South Africa has a special place in his heart and his daughter Eva was drawn to the place where her father’s music had resonated for so long. She settled in the beautiful Wilderness on the Cape Garden Route 12 years ago after a 20 year career as a pilot in the United States military.
Now, she has turned her life towards the healing arts. She trained as a Sangoma in the Eastern Cape and has found a deep connection to South Africa.
Like her father Rodriguez, Eva focuses on freedom, enlightenment and harmony, a message South Africa and the rest of the world seems ready to hear.
3rd Degree travelled to the Wilderness to meet Eva and find out about her journey, and what it’s like to be the daughter of Sugar Man.
3rd Degree is on e.tv, the eNews channel and SKY Digital Platform in the UK – on Tuesdays at 21h30.
South African music is entering an exciting era of opportunity and progress as new markets open up for homegrown sounds. This was one of the key messages emerging from the 2013 Music Exchange Conference, which saw industry moguls and musicians congregating at the iconic Cape Town City Hall to talk about the serious business of music.
For three days, from 21 to 23 March 2013, the City Hall was abuzz with the sound of music – with a full programme of workshops and panel discussions on making it, marketing it, getting it heard on various platforms and ensuring that it moves with the times.
This independent music conference, now in its third year, attracted hundreds of experts and delegates from across the music spectrum – from composers and publishers to record company executives and media – to share knowledge and ideas, network, perform live showcases and identify opportunities to boost South African music locally, regionally and abroad.
Among the high-profile music creators spotted at the conference were Vicky Sampson, Mynie Grové, Sipho “Hotstix” Mabuse, RJ Benjamin, Chad Saaiman, Jimmy Nevis, Mark Haze, Dub Masta China and Arno Carstens, as well as industry heavyweights such as Universal Music A&R consultant Benjy Mudie, Cape Town Jazz festival founder Rashid Lombard and Rolling Stone SA editor-in-chief Miles Keylock.
The international speakers on the programme included acclaimed house music producer and remixer Charles Webster (UK), music promoter Doug Davenport (USA) and Africori CEO Yoel Kenan (France).
One of the conference’s undisputed highlights was the keynote address by Trevor Jones, moderated by Universal Records managing director Randall Abrahams. Now based in the UK, Jones was born in District Six and is considered one of the top five film score composers in the world, with several Golden Globe and BAFTA nominations as well two ASCAP Awards in the bag.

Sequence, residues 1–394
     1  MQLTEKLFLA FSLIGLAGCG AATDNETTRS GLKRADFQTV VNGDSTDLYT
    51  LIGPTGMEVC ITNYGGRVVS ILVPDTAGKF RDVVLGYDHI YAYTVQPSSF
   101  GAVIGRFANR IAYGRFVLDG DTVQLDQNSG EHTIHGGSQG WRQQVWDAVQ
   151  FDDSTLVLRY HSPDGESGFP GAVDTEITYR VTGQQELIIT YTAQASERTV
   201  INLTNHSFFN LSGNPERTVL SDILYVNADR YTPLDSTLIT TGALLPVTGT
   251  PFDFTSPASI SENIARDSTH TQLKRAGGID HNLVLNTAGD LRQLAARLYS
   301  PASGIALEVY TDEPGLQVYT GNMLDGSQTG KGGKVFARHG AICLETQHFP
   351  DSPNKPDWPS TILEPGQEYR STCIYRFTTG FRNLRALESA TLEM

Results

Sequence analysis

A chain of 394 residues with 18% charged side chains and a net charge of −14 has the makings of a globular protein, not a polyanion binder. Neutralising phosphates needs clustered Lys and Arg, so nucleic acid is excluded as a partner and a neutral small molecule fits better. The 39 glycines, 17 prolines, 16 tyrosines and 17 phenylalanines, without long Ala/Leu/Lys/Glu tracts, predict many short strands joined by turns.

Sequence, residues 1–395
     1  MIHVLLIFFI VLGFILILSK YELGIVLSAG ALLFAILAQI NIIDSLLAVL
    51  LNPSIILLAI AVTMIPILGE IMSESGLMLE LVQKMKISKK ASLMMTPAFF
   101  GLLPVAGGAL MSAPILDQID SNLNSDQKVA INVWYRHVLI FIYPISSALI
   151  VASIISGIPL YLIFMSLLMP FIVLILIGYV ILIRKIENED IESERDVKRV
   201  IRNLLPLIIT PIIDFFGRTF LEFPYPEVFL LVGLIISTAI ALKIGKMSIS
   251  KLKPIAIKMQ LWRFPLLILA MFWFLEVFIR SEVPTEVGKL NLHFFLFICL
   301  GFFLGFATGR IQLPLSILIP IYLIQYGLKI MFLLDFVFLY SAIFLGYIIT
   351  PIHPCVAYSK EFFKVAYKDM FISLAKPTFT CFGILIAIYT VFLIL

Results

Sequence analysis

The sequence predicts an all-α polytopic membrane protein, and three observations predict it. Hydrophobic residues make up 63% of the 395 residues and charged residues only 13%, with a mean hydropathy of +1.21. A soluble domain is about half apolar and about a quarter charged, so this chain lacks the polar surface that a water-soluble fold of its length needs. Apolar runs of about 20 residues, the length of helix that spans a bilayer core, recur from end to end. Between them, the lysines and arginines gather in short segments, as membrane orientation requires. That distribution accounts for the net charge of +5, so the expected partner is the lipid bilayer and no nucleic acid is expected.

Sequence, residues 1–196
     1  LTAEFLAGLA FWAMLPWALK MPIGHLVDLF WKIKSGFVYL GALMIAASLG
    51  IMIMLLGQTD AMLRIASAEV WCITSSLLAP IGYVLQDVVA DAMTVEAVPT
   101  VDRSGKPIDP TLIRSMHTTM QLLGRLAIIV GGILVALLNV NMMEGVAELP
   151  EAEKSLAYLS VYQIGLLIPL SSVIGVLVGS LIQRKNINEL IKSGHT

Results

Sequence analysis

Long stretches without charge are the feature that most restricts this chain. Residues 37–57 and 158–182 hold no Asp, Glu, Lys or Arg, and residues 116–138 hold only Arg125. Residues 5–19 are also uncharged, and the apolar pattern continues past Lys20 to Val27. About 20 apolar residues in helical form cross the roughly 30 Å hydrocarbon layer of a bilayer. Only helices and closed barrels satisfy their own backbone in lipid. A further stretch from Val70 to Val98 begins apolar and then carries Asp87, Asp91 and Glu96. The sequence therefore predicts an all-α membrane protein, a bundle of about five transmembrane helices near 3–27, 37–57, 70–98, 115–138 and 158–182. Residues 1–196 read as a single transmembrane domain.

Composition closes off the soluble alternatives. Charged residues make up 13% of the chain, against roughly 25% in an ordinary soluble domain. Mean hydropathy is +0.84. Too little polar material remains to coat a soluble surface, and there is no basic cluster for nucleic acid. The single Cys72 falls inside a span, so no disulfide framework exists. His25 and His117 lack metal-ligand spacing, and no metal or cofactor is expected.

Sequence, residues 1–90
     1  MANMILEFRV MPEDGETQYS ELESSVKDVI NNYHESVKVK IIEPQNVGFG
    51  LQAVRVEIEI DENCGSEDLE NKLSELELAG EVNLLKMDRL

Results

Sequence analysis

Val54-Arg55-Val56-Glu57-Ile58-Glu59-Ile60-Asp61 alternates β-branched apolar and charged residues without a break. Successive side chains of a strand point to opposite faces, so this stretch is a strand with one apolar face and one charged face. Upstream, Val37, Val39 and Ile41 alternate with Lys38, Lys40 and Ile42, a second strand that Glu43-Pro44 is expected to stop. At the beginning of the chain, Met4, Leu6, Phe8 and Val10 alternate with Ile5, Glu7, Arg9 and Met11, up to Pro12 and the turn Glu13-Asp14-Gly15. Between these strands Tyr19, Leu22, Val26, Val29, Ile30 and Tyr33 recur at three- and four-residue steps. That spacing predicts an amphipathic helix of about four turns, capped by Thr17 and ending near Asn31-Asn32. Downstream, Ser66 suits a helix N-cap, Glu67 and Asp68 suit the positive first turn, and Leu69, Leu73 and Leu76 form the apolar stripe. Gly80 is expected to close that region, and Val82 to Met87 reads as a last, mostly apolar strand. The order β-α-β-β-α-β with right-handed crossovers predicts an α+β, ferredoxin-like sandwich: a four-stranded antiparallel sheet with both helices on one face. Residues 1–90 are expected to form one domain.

Jones has made an indelible mark on the global entertainment industry, scoring international blockbusters such as Notting Hill, The Last of the Mohicans, Mississippi Burning and The Mighty and working with the likes of U2, Sting, David Bowie, Sinead O’Connor, Britney Spears, Elvis Costello and Charlotte Church.
Jones became overcome with emotion after being given a standing ovation by delegates, who warmly welcomed him back home.
During his inspirational talk, he spoke about the importance of music education and his desire to give something back to South African music industry: “Key to South Africa’s success is hard work and building a positive perception of our country and us a nation,” he said.
Award-winning local singer, songwriter and guitarist Arno Carstens, who spoke at the conference about the song that made him famous, said it was an honour to be part of Music Exchange and it was encouraging and inspiring to see so many enthusiastic people attend and share their experiences and knowledge.
Joining Carstens on the stellar line-up of artists speaking about the song that made them famous, Vicky Sampson acknowledged songwriter Alan Lazar (formerly of Mango Groove, and now a successful composer based in Los Angeles), who wrote African Dream. “I am grateful that Alan gave me the song and did not pass me up for Mango Groove’s Claire Johnston,” Sampson quipped. She spent every minute of the conference absorbing and learning, as well as reconnecting with her mentor Benjy Mudie and her old friend RJ Benjamin.
Versatile singer, composer and teacher Benjamin, who has been invited to be a vocal coach for the upcoming season of Idols and will be composing SABC2’s new signature tune, continuously urged delegates to make use of social media platforms to reach new audiences. Benjamin stood out as one of the speakers to whom delegates were drawn and his presentations proved to be extremely popular.
After the weekend’s proceedings wrapped up, local music legend Hotstix tweeted: “What a conference; what great speakers and delegates – wow!”
Added a delighted Music Exchange founder and board member, Martin Myers: “We have been completely overwhelmed by the positive feedback we’ve received, and the animated conversations on social media platforms about the success of Music Exchange.
“Recording and performing artists, as well as composers and other industry players, have complimented the conference for being relevant, engaging and thought-provoking. There was a strong focus on the business side of music, which elevated this event above a mere talk shop: they left with useful, practical information that will undoubtedly be of immense value in their various professional ventures.”
Visit www.musicexchange.co.za to find out more about next year’s Music Exchange conference, or follow @musicexchange on Twitter.